Plastic Surgeons Support Senate Introduction of Children’s Deformities Act
WASHINGTON, D.C. — The American Society of Plastic Surgeons (ASPS) strongly supports the introduction of the Treatment of Children’s Deformities Act in the U.S. Senate on October 28, 1999. Senator John McCain (R-AZ), with Senator Olympia Snowe (R-MA) serving as co-sponsor, introduced the new legislation.
The Treatment of Children’s Deformities Act was first introduced in the House of Representatives near the end of the last congressional session and was re-introduced on January 6, 1999 by Rep. Sue Kelly (R-NY) as H.R. 49. The bi-partisan legislation is the result of efforts by ASPS and groups representing other medical specialties and patients to highlight the problem of insurance denials for treatment of children’s deformities.
There are now 45 co-sponsors of Rep. Sue Kelly’s bill in the House. The Senate introduction is expected to enhance the measure’s chances of passage in this Congress.
“ASPS is proud to stand with the co-sponsors of this bill to fight for the right of children born with an abnormal appearance,” said ASPS President C. Lin Puckett, M.D.
The bill would require insurance companies to cover reconstructive surgical procedures for those children with congenital or developmental deformities, diseases or injuries. Coverage would be required for surgical procedures designed to improve the function of abnormal body structures, or to restore those body structures to a more normal appearance.
“We are thrilled that members of the 106th Congress recognize the importance of highlighting this issue. Hopefully, the introduction of the Senate bill will result in passage of this much-needed legislation,” said Phillip Haeck, MD, ASPS Government Relations Committee Chair.
Currently, 15 states have laws that address insurance coverage for children’s deformities or craniofacial disorders. Most recently, Texas passed a law requiring coverage for treatment of children’s deformities.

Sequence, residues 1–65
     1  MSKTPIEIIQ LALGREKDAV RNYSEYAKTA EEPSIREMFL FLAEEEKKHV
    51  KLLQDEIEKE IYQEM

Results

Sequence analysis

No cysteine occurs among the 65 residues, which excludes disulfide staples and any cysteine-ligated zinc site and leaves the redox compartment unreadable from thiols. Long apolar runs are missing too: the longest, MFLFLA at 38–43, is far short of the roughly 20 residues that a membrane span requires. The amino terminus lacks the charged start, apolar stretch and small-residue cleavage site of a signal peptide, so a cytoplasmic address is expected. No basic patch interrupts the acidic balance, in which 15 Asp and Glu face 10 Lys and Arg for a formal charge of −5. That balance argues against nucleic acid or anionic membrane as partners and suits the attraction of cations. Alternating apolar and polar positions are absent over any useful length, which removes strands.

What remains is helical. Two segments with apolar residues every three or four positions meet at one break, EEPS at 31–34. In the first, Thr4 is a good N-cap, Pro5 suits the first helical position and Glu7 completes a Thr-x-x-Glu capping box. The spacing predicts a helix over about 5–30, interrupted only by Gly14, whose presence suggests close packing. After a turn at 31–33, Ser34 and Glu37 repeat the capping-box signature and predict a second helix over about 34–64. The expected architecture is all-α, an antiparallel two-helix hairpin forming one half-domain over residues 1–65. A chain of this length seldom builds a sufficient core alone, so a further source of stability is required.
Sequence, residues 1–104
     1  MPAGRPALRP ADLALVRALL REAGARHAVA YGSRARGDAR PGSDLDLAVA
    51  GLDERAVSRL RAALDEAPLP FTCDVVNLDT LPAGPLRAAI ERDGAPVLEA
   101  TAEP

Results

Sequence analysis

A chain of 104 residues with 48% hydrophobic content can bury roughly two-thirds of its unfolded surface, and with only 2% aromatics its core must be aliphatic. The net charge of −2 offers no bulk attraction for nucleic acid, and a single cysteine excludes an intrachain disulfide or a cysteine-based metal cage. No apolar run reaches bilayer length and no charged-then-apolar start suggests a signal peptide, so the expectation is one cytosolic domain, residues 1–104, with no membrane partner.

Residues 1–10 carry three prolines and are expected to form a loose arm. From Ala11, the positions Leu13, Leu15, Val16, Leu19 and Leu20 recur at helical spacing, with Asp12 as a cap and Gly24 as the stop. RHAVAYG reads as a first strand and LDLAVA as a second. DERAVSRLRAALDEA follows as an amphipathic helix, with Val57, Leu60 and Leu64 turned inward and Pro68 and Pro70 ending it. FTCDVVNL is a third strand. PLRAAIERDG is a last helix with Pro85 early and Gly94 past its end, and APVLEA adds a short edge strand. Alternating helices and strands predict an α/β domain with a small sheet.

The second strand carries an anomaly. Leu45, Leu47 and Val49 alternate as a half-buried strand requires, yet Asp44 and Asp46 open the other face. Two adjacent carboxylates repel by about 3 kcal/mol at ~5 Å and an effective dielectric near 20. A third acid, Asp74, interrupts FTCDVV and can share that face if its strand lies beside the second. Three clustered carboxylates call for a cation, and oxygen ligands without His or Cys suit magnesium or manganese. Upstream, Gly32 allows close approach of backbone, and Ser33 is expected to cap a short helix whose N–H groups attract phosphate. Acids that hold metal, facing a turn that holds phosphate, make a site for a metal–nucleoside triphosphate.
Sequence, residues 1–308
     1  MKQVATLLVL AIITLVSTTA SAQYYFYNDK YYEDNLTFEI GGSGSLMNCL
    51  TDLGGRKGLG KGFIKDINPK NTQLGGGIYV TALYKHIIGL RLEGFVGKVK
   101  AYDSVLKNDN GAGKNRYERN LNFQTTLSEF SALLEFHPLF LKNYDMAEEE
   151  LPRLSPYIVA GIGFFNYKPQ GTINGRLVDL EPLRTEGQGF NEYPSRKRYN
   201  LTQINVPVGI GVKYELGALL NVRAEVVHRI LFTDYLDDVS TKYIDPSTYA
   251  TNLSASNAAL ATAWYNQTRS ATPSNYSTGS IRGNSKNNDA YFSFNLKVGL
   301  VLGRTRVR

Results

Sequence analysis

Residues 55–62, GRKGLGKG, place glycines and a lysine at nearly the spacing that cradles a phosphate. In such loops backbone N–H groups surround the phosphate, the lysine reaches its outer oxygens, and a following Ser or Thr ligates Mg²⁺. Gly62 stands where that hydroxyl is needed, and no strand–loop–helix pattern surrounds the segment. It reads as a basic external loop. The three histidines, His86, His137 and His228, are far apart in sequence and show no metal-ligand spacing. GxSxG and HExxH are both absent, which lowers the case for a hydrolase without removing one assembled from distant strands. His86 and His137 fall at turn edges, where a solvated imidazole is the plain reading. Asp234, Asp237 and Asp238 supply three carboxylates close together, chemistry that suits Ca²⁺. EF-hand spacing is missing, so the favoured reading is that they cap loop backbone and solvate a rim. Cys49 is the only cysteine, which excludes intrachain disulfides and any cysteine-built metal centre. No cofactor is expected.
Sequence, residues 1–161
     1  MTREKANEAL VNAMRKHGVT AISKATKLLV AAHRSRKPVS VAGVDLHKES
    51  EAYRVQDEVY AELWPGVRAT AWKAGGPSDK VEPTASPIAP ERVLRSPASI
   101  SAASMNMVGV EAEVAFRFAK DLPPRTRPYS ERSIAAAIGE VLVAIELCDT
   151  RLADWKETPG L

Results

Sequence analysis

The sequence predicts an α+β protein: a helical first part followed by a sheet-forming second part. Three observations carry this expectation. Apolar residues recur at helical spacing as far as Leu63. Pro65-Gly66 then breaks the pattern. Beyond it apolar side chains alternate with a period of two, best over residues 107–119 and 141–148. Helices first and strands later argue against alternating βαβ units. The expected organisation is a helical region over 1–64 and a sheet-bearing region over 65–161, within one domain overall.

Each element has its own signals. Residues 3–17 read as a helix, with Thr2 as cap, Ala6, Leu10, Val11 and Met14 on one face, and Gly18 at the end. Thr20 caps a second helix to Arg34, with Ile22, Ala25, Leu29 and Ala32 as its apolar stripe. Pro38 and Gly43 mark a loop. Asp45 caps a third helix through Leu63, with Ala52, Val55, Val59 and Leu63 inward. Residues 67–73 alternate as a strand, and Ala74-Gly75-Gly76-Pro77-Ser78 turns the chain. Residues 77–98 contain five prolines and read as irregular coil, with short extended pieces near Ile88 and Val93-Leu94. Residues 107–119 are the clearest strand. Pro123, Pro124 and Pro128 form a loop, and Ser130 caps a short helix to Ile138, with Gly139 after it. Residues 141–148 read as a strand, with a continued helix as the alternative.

According to an ASPS survey, 53.5 percent of surgeons surveyed indicated that they have had at least one pediatric patient in the last two years who has been totally or partially denied coverage, or has had difficulty obtaining approval for insurance coverage for craniofacial and/or congenital defects procedures. Of those patients, 74 percent have been denied coverage for an initial procedure, and 53 percent have been denied for subsequent procedures.
The childhood deformities, disfigurements and congenital defects procedures most often denied insurance coverage are associated with: 1) cleft-lip repair; 2) nose reshaping for congenital deformities related to cleft-lip and craniofacial deformity; and 3) repair of abnormally small outer ear (microtia).
ASPS is working with the following organizations to raise awareness of insurance denials for treatment of children’s deformities: American Society of Maxillofacial Surgeons, American Cleft Palate-Craniofacial Association, American Society of Craniofacial Surgery, American Association of Pediatric Plastic Surgeons, American Academy of Pediatrics, American Association of Neurological Surgeons, American Medical Association, American Academy of Child and Adolescent Psychiatry, American Association of Plastic Surgeons, American College of Surgeons, American Pediatric Surgical Association, American Society for Surgery of the Hand.
“This legislation is a necessary step in returning the focus of health care where it should be, on the needs of the patient,” said Dr. Puckett.